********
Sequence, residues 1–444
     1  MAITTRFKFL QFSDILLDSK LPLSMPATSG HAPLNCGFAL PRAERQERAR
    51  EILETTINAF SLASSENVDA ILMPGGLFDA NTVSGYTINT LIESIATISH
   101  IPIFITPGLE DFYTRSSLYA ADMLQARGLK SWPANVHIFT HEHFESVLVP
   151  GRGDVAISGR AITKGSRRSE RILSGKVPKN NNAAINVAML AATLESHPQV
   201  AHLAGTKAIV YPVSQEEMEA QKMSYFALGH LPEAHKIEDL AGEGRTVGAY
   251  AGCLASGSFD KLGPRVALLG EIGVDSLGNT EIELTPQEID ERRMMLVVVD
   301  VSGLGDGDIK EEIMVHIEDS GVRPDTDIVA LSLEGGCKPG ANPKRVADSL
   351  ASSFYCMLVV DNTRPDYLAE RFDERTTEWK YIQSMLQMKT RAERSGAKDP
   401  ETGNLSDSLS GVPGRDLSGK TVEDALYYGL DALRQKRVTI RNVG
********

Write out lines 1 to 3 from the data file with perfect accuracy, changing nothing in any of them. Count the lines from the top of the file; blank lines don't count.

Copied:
Sequence, residues 1–444
     1  MAITTRFKFL QFSDILLDSK LPLSMPATSG HAPLNCGFAL PRAERQERAR
    51  EILETTINAF SLASSENVDA ILMPGGLFDA NTVSGYTINT LIESIATISH